Published: Wed, September 05, 2018
Medical | By

Nurse Realizes She Cared For Pediatric Resident 28 Years Ago In NICU

Nurse Realizes She Cared For Pediatric Resident 28 Years Ago In NICU

They found out that he alwlays just the tiny newborn baby, whom she nursed 28 years ago. According to Vilma, she's happy that the guy chose as the place of work is the hospital, where he was born.

The encounter between the two was shared on Facebook last August 16 by the Lucile Packard Children's Hospital Stanford.

The story of their reunion at Lucile Packard Children's Hospital in Palo Alto has gone viral on social media. A recent chance encounter exemplifies the long-lasting bond nurses like Wong can develop with their patients.

Paediatric resident Brandon Seminatore (right) was doing a rotation at the same neonatal intensive care unit as nurse Vilma Wong (left) who treated him when he was a premature baby.

Seminatore weighed 2 pounds and 6 ounces, the size of a small pineapple, when he was born in 1990. Seminatore was finally able to leave the hospital with his parents.

"The world needs more Vilmas", noted one commenter.

Nearly three decades later, Wong saw a new face dressed in scrubs and asked his name. She asked him who he was and thought his name sounded familiar. "Brandon Seminatore", he responded. "I then got very suspicious because I remember being the primary nurse to a baby with the same last name". She asked the man about this personal detail - one of the few she remembered. Wong says he has the same dark eyes and alert expression. "Then she asked if my dad was a cop", he continued.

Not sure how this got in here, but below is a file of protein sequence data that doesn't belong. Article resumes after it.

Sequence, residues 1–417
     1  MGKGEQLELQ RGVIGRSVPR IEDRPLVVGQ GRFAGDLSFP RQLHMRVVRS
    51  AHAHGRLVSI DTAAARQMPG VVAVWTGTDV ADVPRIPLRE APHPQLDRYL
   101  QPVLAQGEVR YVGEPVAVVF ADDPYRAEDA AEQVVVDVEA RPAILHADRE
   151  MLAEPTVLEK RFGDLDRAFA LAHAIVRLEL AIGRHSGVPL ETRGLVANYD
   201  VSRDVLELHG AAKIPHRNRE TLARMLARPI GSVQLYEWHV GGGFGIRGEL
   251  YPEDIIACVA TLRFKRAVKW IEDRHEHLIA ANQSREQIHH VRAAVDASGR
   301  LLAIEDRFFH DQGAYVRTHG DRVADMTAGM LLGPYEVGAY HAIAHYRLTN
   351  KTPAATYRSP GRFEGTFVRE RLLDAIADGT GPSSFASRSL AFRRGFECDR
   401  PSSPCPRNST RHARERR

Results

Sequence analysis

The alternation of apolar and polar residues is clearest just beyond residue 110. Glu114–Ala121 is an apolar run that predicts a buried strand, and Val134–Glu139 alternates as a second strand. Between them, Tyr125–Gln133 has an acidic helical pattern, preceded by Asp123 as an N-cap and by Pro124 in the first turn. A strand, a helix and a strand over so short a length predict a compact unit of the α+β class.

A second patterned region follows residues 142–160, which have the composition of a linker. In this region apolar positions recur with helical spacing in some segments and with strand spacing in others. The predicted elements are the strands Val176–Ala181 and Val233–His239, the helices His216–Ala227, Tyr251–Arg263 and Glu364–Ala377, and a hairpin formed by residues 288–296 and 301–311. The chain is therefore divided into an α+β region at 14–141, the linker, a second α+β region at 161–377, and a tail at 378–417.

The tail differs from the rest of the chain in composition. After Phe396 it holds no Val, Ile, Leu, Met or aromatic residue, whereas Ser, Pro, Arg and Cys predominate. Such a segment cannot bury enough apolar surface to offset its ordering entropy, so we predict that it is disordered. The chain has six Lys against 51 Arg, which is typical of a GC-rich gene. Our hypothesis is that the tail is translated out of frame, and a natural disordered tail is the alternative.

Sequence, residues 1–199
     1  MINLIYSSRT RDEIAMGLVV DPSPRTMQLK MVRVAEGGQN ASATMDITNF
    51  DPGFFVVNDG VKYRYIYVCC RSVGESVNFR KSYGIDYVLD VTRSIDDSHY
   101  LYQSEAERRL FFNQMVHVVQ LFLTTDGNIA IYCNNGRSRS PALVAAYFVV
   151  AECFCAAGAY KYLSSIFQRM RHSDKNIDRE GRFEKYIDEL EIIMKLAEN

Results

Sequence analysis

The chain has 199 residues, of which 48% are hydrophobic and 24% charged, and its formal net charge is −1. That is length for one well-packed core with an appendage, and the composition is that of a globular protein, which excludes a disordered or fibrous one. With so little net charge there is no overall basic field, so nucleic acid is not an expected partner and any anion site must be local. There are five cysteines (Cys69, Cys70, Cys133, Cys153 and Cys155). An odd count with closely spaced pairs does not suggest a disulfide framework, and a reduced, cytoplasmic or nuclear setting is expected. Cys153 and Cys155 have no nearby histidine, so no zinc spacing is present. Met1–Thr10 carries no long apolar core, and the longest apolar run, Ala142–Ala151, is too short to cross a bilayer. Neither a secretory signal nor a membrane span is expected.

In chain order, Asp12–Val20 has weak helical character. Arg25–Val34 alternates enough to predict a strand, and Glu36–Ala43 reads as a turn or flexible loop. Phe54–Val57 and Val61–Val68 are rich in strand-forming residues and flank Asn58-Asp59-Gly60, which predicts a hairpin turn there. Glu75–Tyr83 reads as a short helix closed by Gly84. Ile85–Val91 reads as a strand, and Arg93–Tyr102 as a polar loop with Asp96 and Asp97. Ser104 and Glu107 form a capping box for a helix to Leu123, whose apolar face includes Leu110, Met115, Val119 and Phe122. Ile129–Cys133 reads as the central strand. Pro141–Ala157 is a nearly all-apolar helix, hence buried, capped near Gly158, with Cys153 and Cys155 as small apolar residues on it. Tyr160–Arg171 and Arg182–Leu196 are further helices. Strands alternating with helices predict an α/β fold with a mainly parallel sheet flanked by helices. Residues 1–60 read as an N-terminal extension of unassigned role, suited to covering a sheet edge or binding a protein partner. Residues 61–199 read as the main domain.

"They were the most wonderful nurses", said Laura Seminatore, who was a kindergarten teacher in 1990 when her only son was born and is now the principal at St. John Vianney Catholic school in San Jose.

Brandon said: "Meeting Vilma was a surreal experience".

After the face-to-face meeting, Seminatore texted his parents with the news.

Seminatore had done a month-long rotation at the NICU past year, but didn't know if both nurses still worked there. By that time, he was able to eat on his own and was beginning to thrive, Wong remembered.

Brandon was on my team and taking care of one of my patients.

Nurse intensive care 54-year-old Wilma Wong cares for premature newborn children for almost 30 years. Like the old photo, Wong is still in her scrubs and has a big smile on her face.

Seminatore told the Mercury News he doesn't know for sure whether his rocky early weeks played a role in his decision to become a healer. For Wong, heartwarming interactions like this are "kind of like your reward" for being a caregiver.

Like this: